From the HR professionals’ perspective, the analysis focuses more on the civil rights laws – Title VII (religious protections) and the Americans with Disabilities Act (ADA) concerning disability protections. If workers’ genetics put them at greater risk for vaccine complications, then in addition to the ADA, the Genetic Information Nondiscrimination Act could come into play. Both religious refusals as well as those that are disability (or pregnancy) based may trigger “reasonable accommodation” requirements, such as allowing the employee to work remotely until a safe vaccine is available for their needs or a sufficient number of others are vaccinated to achieve “herd immunity” (typically 70-90 percent of the population). Political objections to vaccines are not protected activity in private sector workplaces, where the First Amendment does not apply.
HIPAA issues may also surface if the employer is administering the vaccine on site and doing health screening directly or via a third party who shares the screening criteria with the employer. Currently, the EEOC says that employers can mandate vaccines, but that guidance was issued during the Trump administration and is subject to revision. The EEOC also says that unvaccinated workers are not automatically a “direct threat to safety” to the extent that they could be excluded from the workplace solely on that basis. There also are medical ethics issues concerning “incentivizing” vaccines by paying a bonus or giving a gift card, although some grocery chains and airlines are taking this approach.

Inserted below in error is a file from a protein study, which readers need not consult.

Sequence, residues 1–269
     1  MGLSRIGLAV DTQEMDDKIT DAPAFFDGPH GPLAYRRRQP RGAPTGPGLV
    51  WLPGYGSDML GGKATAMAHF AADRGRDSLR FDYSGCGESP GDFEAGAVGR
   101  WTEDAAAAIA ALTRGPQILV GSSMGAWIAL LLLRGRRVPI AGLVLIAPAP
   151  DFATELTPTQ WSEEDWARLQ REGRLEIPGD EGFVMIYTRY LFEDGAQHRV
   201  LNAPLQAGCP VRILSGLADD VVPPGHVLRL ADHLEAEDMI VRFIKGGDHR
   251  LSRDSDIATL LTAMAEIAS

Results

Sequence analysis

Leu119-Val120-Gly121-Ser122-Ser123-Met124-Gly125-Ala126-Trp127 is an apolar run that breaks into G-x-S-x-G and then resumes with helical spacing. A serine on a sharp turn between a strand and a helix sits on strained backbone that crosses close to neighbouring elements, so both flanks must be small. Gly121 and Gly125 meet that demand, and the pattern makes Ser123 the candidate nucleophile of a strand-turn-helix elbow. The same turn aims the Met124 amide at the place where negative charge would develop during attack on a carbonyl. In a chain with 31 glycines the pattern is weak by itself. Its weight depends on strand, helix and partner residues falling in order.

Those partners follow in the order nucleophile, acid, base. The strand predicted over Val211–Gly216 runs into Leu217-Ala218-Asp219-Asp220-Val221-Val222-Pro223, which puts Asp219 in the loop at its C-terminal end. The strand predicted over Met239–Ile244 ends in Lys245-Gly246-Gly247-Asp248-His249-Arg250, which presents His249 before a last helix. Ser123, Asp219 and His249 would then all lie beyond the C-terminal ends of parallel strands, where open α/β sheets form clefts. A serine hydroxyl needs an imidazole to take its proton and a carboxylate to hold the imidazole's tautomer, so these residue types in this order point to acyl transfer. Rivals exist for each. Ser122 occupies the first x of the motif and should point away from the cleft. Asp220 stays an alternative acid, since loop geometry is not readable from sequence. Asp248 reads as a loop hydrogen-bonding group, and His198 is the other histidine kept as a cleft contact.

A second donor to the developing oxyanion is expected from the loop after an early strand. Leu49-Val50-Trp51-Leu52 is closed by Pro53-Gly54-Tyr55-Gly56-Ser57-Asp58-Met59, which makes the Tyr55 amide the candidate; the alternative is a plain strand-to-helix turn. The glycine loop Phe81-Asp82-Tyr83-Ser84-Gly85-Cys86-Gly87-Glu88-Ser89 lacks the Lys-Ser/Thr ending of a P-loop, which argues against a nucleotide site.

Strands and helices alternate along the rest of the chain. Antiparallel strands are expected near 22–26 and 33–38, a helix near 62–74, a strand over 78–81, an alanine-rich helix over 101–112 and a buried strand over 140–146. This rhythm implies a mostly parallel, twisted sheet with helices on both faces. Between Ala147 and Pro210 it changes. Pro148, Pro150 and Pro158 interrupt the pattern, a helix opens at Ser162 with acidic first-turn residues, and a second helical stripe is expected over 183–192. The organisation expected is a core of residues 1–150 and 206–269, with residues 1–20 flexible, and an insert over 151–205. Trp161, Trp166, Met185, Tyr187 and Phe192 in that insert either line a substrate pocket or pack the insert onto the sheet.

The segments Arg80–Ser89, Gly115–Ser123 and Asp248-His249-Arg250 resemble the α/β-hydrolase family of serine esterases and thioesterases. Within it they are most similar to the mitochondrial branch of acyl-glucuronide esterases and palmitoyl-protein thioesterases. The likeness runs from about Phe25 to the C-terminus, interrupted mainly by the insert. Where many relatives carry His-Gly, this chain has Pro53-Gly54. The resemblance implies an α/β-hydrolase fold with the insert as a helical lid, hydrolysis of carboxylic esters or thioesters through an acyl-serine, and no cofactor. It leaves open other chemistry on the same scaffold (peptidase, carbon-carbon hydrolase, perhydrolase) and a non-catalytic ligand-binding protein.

The efficacy of the vaccines, long-term, are also unclear give the mutations developing and spreading rapidly in the United States, and on February 8, 2021, the CDC issued guidelines on what fully vaccinated persons should and should not do. Fully vaccinated means both shots of the two-shot vaccines, plus a waiting period of 14 days following the second shot. The CDC guidance states, for non-healthcare settings, that fully vaccinated people can:
Visit with other fully vaccinated people indoors without wearing masks or physical distancing;
Visit with unvaccinated people from a single household who are at low risk for severe COVID-19 disease indoors without wearing masks or physical distancing, and
Can refrain from any quarantine and testing following a known exposure if they are asymptomatic.
However a vaccine does not confer immunity and so fully vaccinated people should continue to:
Take precautions in public like wearing a well-fitted mask and physical distancing;
Wear masks, practice physical distancing, and adhere to other prevention measures when visiting with unvaccinated people who are at increased risk for severe COVID_19 disease or who have an unvaccinated household member who is at increased risk for severe COVID-19 disease;
Wear masks, maintain physical distance, and practice other prevention measures when visiting with unvaccinated people from multiple households;
Avoid medium- and large-sized in-person gatherings;
Get tested if experiencing COVID-19 symptoms; and,
Follow guidance issued by their employers
For now, most workplace vaccine programs will remain optional due to the EUA status, but employers can play a vital role in helping to defeat this deadly pandemic.